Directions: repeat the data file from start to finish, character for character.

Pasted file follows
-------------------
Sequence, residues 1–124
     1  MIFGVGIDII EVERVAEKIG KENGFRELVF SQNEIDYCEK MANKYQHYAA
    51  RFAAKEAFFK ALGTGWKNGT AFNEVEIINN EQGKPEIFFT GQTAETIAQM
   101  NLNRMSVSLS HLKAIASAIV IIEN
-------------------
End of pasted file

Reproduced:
Sequence, residues 1–124
     1  MIFGVGIDII EVERVAEKIG KENGFRELVF SQNEIDYCEK MANKYQHYAA
    51  RFAAKEAFFK ALGTGWKNGT AFNEVEIINN EQGKPEIFFT GQTAETIAQM
   101  NLNRMSVSLS HLKAIASAIV IIEN